Sunday, October 22, 2017

Ten Days of Terror!: Pitch Black

Films: Pitch Black
Format: Syfy Channel on rockin’ flatscreen.

There are only a few basic science fiction stories. I read somewhere that the classic science fiction story involves a ship in the middle of space and a distress signal from somewhere. Pitch Black is kind of like that if you remove the distress signal and replace it with a meteor storm and a crash. This is an interesting movie for a few reasons. In a lot of ways, this follows a pretty standard science fiction/monster movie plot. There are some real differences from expectations, though, and those differences raise this above the level of the standard film of this sort.

The closest parallel film to Pitch Black in a lot of ways is Alien 3. This isn’t much of a surprise, since it evidently started life as an unused idea for that movie. The connection with the Alien franchise is evident in the design of the creatures that dominate the second half of the film as well. The connections go deeper, though. Both movies are about a group of people trapped on a planet that is inhabited (or infected) by alien creatures that are top-tier predators.

Pitch Black starts with the crash. Our spaceship is hit by a meteor swarm and crash lands on a planet. The captain is killed before the crash, the second-in-command dies just after the crash, and the third officer, Carolyn Fry (Radha Mitchell), is suddenly in charge. It’s a minor plot point that Fry almost dumped the passengers during the crash, a move that would have killed them but would have increased her own chances of survival.

The people who survive the crash are a motley crew. We’ve got a couple of prospector types (John Moore and Claudia Black), an imam with three young pilgrims (Keith David and Les Chantery, Sam Sari, and Firass Dirani), an antique dealer (Lewis Fitz-Gerald), and a stowaway named Jack (Rhiana Griffith). The final two passengers are special. These are William Johns (Cole Hauser), a drug-addicted bounty hunter and Richard B. Riddick (Vin Diesel), a notorious criminal and murderer. Riddick managed to escape the last prison he was in and Johns has tracked him down and is returning him to prison, hoping to collect a hefty reward.

Once on the planet, the survivors discover a few things. The first is that Riddick naturally escapes immediately, which puts everyone on high alert. The second is that the planet was once inhabited by a geological survey that suddenly vanished. Third is that the planet has three suns, meaning constant daylight.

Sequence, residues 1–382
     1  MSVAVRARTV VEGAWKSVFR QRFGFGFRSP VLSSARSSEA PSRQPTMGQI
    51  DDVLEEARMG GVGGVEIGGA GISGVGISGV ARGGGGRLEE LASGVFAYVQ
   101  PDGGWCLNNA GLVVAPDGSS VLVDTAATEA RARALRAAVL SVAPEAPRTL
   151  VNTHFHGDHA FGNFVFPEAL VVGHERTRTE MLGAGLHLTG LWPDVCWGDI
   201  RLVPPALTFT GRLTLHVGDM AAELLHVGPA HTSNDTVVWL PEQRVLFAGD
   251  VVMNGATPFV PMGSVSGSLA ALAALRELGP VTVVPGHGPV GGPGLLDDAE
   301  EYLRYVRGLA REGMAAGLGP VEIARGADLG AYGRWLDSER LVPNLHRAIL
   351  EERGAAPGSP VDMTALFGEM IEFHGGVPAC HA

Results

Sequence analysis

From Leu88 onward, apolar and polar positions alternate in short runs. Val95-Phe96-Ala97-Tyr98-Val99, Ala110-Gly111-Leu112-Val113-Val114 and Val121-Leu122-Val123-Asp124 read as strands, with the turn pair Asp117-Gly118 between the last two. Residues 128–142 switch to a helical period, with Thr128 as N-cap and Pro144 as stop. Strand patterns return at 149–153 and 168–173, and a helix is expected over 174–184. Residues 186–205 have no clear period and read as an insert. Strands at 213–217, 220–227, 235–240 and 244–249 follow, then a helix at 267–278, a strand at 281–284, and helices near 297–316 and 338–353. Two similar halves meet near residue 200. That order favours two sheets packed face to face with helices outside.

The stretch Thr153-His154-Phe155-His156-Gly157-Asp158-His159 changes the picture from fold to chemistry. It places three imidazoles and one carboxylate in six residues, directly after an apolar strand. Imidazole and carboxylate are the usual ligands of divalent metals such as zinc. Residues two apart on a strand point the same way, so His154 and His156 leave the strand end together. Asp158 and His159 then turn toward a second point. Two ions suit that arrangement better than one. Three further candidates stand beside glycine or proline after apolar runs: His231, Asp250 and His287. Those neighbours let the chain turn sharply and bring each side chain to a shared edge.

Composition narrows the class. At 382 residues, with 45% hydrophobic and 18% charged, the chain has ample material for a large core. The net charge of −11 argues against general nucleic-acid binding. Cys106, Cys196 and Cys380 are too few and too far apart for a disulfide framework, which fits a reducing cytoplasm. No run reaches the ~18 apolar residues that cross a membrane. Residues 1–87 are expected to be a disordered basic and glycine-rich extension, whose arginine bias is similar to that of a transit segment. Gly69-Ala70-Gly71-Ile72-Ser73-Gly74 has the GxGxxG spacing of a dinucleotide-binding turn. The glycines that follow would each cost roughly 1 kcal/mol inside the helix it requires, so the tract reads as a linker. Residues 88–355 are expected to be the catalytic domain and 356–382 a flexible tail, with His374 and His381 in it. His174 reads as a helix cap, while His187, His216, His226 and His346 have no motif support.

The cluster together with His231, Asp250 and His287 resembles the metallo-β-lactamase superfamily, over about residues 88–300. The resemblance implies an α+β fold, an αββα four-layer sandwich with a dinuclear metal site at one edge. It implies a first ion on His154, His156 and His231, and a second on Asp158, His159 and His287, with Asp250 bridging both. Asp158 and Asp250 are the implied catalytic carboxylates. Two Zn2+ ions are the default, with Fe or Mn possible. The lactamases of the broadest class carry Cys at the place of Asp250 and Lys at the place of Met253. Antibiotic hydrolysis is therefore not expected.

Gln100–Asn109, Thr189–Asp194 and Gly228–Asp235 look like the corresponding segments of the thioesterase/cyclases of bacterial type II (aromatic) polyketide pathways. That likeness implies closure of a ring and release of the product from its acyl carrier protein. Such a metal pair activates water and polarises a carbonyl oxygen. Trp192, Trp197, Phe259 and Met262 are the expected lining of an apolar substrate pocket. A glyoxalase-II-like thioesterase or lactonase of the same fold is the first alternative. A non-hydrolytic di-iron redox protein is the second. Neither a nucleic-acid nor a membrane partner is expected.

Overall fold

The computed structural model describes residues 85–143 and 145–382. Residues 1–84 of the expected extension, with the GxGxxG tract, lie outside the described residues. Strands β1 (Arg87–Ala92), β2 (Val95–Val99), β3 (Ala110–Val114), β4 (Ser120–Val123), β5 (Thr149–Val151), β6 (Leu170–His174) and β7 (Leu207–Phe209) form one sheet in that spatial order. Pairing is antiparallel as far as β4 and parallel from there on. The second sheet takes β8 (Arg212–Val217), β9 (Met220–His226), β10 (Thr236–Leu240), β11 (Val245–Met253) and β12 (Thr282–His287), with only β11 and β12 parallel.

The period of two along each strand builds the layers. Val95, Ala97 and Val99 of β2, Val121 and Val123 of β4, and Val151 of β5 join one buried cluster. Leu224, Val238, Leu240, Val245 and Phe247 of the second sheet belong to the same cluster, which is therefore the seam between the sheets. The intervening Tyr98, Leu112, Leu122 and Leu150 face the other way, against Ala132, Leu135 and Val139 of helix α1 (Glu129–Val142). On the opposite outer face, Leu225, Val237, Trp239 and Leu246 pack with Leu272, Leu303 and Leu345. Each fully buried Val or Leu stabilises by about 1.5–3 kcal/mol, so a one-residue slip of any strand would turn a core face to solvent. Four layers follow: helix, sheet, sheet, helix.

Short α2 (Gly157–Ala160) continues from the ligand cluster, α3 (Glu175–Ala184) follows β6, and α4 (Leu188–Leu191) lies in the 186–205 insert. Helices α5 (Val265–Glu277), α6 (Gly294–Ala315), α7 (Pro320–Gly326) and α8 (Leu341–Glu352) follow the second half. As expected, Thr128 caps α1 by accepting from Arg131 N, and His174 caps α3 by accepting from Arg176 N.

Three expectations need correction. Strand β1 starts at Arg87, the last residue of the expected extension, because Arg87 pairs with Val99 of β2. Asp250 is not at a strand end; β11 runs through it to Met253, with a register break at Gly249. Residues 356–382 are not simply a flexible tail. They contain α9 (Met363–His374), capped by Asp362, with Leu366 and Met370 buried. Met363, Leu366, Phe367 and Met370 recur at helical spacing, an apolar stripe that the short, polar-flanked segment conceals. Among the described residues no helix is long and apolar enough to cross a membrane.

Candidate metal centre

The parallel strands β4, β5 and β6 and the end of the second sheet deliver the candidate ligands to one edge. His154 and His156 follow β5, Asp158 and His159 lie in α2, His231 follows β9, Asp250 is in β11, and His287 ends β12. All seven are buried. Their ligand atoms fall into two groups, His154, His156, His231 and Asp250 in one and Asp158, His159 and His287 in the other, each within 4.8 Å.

These aren’t the really scary discoveries, though. These consist of the realization that the other planets in the system and the three suns line up every 22 years for a prolonged eclipse. The fact that it’s every 22 years is important, since the geological survey disappeared 22 years ago. And, it soon becomes evident that when the lights go out, the planet’s main life form takes over. These predators kill anything they come across. Their main weakness is light, which burns them. So, during the eclipse, they’ll be out and breeding—and eating—anything they can find. If you think that eclipse is about to happen, you’ve seen a movie before.

The first half of Pitch Black sets all of this up. We get a slow learning curve on the creatures and lose a couple of people early on to prepare the way for the second half of the film. In truth, Riddick is the main antagonist for the first 45 minutes or so. Then, when the lights start to go out, the creatures become the main threat as the survivors are slowly picked off one at a time. And, of course, there’s tension between Riddick and Johns. There’s also no small amount of sexual tension between Riddick and Fry.

Where Pitch Black succeeds is in the details of the characters. In a standard movie like this, Riddick would either be a simon-pure man wrongfully accused of his crimes (which is close to his backstory, actually) or a complete scumbag (which is how he acts). Johns would be the same, only a cop version. In reality, they’re both a little of both. Making Johns a bounty hunter, and one with a serious drug addiction, is a fun touch. Making Fry someone who is reluctantly in charge because she almost sacrificed all of the passengers is another.

In fact, the only thing that really bothers me is the fact that Riddick is made almost a supernatural character in some ways. Apparently, some of this is explained in the sub-standard sequel that followed this. In Pitch Black, though, Riddick has the equivalent of animal senses. He can detect certain things by smell, for instance, and because the “animal” part of the brain is kept awake in cryonic suspension, he’s completely awake in cryo. Making Riddick a sort of human super predator seems like a needless touch to me. It wasn’t necessary and I think it detracts from what the story could have been.

Pitch Black does a hell of a lot right. I loved it the first time I saw it, and I’ve found I’m always a touch disappointed with it. Still, it’s worth a watch.

Why to watch Pitch Black: It’s much better than the premise.
Why not to watch: For as good as it is, it’s pretty derivative.

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